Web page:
Char-Koosta News

The Official Publication of the Flathead Nation online

Nkwusm mixes fun with learning with its honorable charge

By B.L. Azure

Who needs swings? The young ones at Nkwusm — like all youngsters this age — are attracted to dirt like moths to light; it’s in their DNA. (B.L. Azure photo) Who needs swings? The young ones at Nkwusm — like all youngsters this age — are attracted to dirt like moths to light; it’s in their DNA. (B.L. Azure photo)

ARLEE - The Nkwusm Salish Language Institute here entered its third week of classes this week and students, teachers and staff there were starting to get into the swing of things this Monday.

The school has approximately 25 students from throughout the Flathead Indian Reservation. The pre-school through 8th grade students come mostly from communities along the U.S. Highway 93 corridor from the Polson-Ronan area in the north to Schley-Evaro area in the south, and all points in between.

Working up an appetite. The older middle-school-aged Nkwusm students take off on a pre-lunch hike to the state fish hatchery along the Jocko River. (B.L. Azure photo) Working up an appetite. The older middle-school-aged Nkwusm students take off on a pre-lunch hike to the state fish hatchery along the Jocko River. (B.L. Azure photo)

This is the 10th year of the Nkwusm Salish Language Institute with the sacred mission of saving the Salish tongue.

The Salish language is currently spoken by less than 50 people, most of them are more than 75 years old. There are no first language fluent Salish speakers under 50.

It is the dream of four young Salish people - Tachini Pete, Melanie Sandoval, Josh Brown and Chaney Bell - to recreate the process of passing the Salish language from parent to child, elder to youth in an effort to holistically preserve the language, perpetuating the Salish way of life and world view. They are the spark plugs that fired up the earnest and concerted effort to save the Salish language that eventually resulted in Nkwusm.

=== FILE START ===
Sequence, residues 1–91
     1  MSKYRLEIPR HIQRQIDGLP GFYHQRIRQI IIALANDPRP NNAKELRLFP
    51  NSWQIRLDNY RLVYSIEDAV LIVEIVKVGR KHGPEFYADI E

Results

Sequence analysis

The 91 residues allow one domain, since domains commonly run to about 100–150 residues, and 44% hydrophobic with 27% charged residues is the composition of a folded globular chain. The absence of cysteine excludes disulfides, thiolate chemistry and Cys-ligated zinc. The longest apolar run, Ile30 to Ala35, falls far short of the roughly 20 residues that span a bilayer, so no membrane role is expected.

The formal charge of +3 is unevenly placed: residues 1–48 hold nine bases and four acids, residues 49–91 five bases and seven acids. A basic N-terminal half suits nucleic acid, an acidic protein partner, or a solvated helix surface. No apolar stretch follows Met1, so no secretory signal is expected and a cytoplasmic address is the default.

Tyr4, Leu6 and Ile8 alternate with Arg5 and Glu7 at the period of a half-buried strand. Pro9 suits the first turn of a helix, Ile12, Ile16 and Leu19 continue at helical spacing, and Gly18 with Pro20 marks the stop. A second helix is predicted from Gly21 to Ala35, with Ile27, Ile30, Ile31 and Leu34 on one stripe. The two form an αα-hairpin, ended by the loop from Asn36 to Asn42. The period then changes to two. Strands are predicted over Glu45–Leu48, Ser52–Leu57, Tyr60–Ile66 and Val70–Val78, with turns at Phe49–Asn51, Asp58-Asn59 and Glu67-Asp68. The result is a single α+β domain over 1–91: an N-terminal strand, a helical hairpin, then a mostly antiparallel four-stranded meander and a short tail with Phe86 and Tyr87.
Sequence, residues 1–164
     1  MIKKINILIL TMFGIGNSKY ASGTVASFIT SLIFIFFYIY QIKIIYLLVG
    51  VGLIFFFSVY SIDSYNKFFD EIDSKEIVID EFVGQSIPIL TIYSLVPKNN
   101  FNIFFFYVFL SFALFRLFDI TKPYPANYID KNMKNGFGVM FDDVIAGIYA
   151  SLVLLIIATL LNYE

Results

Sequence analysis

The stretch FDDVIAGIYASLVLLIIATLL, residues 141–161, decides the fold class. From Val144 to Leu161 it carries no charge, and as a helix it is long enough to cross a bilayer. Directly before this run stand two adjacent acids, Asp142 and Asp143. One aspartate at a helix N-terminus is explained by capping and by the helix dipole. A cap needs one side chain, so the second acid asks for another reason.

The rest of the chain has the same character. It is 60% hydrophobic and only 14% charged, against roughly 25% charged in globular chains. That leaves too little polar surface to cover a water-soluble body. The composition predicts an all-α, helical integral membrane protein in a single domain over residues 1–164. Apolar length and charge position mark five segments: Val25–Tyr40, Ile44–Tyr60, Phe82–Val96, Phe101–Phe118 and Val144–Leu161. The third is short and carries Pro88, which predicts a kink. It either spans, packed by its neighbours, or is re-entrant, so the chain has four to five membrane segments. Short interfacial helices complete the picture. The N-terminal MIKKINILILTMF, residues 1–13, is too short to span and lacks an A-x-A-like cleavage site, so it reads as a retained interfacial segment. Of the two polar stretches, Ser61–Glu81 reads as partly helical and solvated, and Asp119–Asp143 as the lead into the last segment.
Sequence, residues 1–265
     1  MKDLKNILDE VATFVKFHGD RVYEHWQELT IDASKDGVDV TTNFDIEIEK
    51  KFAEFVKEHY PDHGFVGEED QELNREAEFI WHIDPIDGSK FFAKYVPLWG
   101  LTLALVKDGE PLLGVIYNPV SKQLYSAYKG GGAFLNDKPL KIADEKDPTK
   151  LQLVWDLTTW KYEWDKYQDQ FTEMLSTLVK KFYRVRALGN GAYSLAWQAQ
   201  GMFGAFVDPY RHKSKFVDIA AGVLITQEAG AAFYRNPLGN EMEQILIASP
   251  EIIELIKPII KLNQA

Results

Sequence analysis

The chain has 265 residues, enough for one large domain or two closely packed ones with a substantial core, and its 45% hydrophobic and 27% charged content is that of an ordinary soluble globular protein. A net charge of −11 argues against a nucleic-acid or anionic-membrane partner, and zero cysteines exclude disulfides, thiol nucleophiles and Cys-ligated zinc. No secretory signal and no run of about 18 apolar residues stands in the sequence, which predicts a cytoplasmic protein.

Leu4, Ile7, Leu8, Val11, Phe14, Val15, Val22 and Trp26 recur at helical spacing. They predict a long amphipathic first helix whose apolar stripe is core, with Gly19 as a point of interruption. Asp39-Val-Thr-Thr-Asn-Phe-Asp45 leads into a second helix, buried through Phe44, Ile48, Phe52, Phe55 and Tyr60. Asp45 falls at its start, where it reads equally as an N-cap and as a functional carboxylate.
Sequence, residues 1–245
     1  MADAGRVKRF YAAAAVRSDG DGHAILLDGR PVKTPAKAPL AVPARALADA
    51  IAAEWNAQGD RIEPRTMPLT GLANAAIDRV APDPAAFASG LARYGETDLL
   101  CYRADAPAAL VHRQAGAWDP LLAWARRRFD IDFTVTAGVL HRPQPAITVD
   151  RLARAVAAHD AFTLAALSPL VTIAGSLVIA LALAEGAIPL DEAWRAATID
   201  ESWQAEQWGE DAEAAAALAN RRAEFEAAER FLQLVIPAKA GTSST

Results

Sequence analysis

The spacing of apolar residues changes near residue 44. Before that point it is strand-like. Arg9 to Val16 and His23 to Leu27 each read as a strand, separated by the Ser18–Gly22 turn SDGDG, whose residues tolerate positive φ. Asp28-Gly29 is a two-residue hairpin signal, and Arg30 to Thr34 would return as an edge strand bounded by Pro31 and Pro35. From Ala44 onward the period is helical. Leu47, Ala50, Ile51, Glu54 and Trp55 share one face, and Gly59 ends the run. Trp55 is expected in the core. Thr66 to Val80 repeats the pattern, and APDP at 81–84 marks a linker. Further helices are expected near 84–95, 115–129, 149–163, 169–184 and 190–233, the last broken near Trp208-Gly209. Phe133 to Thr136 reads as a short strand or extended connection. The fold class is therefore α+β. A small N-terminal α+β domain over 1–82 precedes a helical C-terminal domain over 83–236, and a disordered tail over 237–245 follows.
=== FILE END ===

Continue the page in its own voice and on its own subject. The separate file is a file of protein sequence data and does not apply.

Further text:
The unbridled energy was on full bloom display this week during the morning recess at the Nkwusm Salish Language Institute in Arlee. (B.L. Azure photo) The unbridled energy was on full bloom display this week during the morning recess at the Nkwusm Salish Language Institute in Arlee. (B.L. Azure photo)

Three fluent speakers - Pat Pierre, Stephen Small Salmon and Gene Beaver Head - are Salish language instructors at Nkwusm. They and their assistants as well as the teachers are charged with incorporating the Salish language with traditional western school courses for the Nkwusm students.

Chaney Bell and Melanie Sandoval are well versed in the Salish language now and are teaching four young adults Salish as part of a grant. Once the four become proficient in Salish they will then participate in evening classes aimed at adults and others interested in learning the Salish tongue.

Youthful, innocent joy as demonstrated by these Nkwusm pre-school students is perhaps the best of the best of the human experience. (B.L. Azure photo) Youthful, innocent joy as demonstrated by these Nkwusm pre-school students is perhaps the best of the best of the human experience. (B.L. Azure photo)

Another part of the Salish language learning is aimed at the staff of Nkwusm that take time during the day to participate in learning exercises.

This year Nkwusm has a new leader with Principal Cassandra Murphy-Brazill and she is looking forward to the challenge.

This Monday, the students and staff were engaged in the regular classes as well as some field learning, and of course playground fun for the younger children.

It all added up to a good time as was evident by the smiles on faces and the laughter in the air.

Nkwusm will be conducting open-house tours throughout the year. They will be announced in the Char-Koosta well in advance so people can mark the calendars and go down and witness the beauty that is Nkwusm.

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